The manufacturer of Beclazone Easi-Breathe® (Beclometasone in a breath-actuated aerosol inhaler) has written to healthcare professionals to advise that, with effect from 30th September 2009 all strengths of these inhalers will cease to be supplied and is therefore effectively discontinued.
This step is being taken in line with existing agreements to discontinue CFC containing products in 2010. The products affected are the 50 microgram, 100 microgram and 250 microgram breath-actuated inhalers. The standard pressurised metered dose inhalers (pMDI) Beclazone will remain available until the first quarter of 2010.
There is no direct replacement for this product and patients will require a change of dose, device or steroid in order to continue treatment.
A similar device is available with the Qvar® inhaler but this drug has a smaller particle size and the dose will need reducing. There are also beclometasone containing alternatives available in different devices such as standard pMDIs or dry powder inhalers. Another option would involve changing the active ingredient to an alternative steroid such as budesonide or fluticasone.
Action: Clinicians should review affected patients and discuss the available alternatives with patients. Changing the fewest parameters (dose, device or drug) would seem prudent in order to retain patient confidence in their treatment.
The Lancet has published the results of a long term study that aimed to assess the cardiovascular safety of rosiglitazone (Avandia®).
The study recruited 4,447 patients with type 2 diabetes on metformin or sulfonylurea monotherapy. The study was open label and last for a mean of 5.5 years. The primary outcome was cardiovascular death or hospital admission.
Participants in the study were randomly assigned to treatment with dual therapy of metformin and sulphonylurea or initial monotherapy (metformin or sulphonylurea) and rosiglitazone.
The primary outcome occurred in 321 patients taking a rosiglitazone combination and 323 patients in the active control. The difference was not significant and therefore rosiglitazone treatment was found to be non-inferior.
The study did find an increased risk of heart failure requiring hospital admission (Hazard Ratio 2.10, 95% confidence interval [CI] 1.35—3.27, p=0.001) and of fracture (risk ratio 1.57, 95% CI 1.26–1.97, p<0.0001).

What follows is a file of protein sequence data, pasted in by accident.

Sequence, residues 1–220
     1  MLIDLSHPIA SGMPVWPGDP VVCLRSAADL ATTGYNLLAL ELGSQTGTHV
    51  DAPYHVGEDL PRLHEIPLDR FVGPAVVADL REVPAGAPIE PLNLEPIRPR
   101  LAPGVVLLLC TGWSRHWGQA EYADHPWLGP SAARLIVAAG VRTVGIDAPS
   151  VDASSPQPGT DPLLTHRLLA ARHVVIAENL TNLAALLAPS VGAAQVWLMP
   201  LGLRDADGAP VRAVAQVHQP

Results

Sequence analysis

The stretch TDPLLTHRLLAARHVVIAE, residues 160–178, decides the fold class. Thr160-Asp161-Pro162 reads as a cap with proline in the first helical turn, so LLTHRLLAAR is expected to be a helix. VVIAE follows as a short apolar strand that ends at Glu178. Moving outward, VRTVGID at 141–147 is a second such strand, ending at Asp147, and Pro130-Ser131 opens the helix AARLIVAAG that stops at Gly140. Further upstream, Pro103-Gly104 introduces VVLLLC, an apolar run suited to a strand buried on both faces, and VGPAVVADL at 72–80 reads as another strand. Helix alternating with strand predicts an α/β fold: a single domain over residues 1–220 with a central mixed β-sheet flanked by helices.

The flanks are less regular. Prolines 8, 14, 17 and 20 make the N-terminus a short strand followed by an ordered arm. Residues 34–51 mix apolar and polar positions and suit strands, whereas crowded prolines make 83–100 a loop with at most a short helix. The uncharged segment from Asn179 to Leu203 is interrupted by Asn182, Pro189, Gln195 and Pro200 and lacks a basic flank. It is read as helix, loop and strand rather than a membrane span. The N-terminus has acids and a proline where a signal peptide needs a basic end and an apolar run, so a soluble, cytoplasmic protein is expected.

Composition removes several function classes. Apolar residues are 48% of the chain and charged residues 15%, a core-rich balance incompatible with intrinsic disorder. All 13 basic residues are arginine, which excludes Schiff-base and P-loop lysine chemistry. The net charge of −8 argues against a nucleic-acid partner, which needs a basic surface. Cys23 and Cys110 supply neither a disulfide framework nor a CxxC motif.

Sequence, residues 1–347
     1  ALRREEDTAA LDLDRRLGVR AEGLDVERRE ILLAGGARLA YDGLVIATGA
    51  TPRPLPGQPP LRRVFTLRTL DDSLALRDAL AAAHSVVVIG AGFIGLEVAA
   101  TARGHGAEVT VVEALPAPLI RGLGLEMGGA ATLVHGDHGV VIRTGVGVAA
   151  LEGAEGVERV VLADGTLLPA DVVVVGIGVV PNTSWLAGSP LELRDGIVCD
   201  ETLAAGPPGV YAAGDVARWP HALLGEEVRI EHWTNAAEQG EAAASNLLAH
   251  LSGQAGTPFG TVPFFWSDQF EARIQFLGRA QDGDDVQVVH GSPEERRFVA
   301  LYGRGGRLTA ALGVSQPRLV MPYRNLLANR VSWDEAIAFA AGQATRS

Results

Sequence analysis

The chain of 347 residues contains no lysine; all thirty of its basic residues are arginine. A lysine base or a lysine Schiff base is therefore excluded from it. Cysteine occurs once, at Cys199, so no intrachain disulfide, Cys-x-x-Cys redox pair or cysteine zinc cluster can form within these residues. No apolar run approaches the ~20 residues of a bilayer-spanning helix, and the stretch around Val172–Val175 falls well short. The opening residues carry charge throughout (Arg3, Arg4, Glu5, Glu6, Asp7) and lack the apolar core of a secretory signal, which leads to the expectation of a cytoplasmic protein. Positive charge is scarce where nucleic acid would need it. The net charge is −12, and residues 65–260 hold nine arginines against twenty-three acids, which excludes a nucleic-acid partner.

It is also interesting to note that a greater proportion of participants treated with rosiglitazone were also treated with cardiovascular drugs by the end of the study. In particular, 9.2% more patients were using a statin (55.2% versus 46.0%) and 4.9% more were using loop diuretics (13.0% versus 8.1%).
The authors conclude that, "rosiglitazone does not increase the risk of overall cardiovascular morbidity or mortality compared with standard glucose-lowering drugs" with a caveat that, "the data are inconclusive about any possible effect on myocardial infarction.
The results of this study are consistent with what is currently known. Glitazones increase the risk of heart failure and fractures. Rosiglitazone has also been suspected of increasing the risk of heart attacks and while this study indicates no increased risk of cardiovascular death an increase in heart attacks cannot be discounted.
Action: Clinicians should continue to implement the existing guidelines. Glitazones (and gliptins) are considered as alternatives to metformin or sulphonylureas when these agents are contraindicated or poorly tolerated. Pioglitazone currently has fewer prescribing restrictions and may be a better choice where a glitazone is indicated.
The manufacturer of Minodiab® (glipizide) has written to healthcare professionals to advised that Minodiab 2.5 mg tablets are being discontinued with immediate effect.
The letter advises that there are stability issues with recent batches and these cannot be resolved. It is expected that supplies will run out by mid-July 2009. The letter also clarifies that this only affects the 2.5mg strength, the 5mg tablets remain available.
Action: Clinicians should be aware of this announcement and ensure that any patients being prescribed this branded version of glipizide and transferred to a generic prescription to ensure continued and uninterrupted supply.
The Summary of Product Characteristics for agomelatine (Valdoxan®) is now available via the electronic Medicines Compendium (eMC).
As previously discussed, agomelatine is a new class of antidepressant. The SPC gives more details for this drug including known side effects, precautions and interactions.
Action: Clinicians who are considering using this new drug would be wise to review the SPC before starting a treatment.
The World Health Organisation has declared that the influenza pandemic alert has been raised from phase 5 to phase 6 and that swine 'flu is now pandemic. The announcement has, of course, been reported in the general media (BBC).
The spread of the virus can no longer be traced through clearly-defined human to human chains. Further spread, beyond the 30,000 confirmed cases have been reported in 74 countries, is considered inevitable.
The Department of Health have responded quickly confirming that the status change is related to geographic spread and not the severity of the disease. It has also been clarified that the change in status does not trigger any material change to our current response.
Action: Clinicians should be aware of the current pandemic status since the general public are likely to seek reassurance. Treatment algorithms produced by the Health Protection Agency may be updated in light of the status change.